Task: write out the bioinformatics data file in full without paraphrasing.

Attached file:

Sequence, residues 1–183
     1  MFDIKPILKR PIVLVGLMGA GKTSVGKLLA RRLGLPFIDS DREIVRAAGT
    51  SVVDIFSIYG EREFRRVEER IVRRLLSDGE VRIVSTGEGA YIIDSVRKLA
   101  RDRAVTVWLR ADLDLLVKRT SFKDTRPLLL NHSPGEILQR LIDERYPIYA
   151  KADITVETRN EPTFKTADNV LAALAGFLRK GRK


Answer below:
Sequence, residues 1–183
     1  MFDIKPILKR PIVLVGLMGA GKTSVGKLLA RRLGLPFIDS DREIVRAAGT
    51  SVVDIFSIYG EREFRRVEER IVRRLLSDGE VRIVSTGEGA YIIDSVRKLA
   101  RDRAVTVWLR ADLDLLVKRT SFKDTRPLLL NHSPGEILQR LIDERYPIYA
   151  KADITVETRN EPTFKTADNV LAALAGFLRK GRK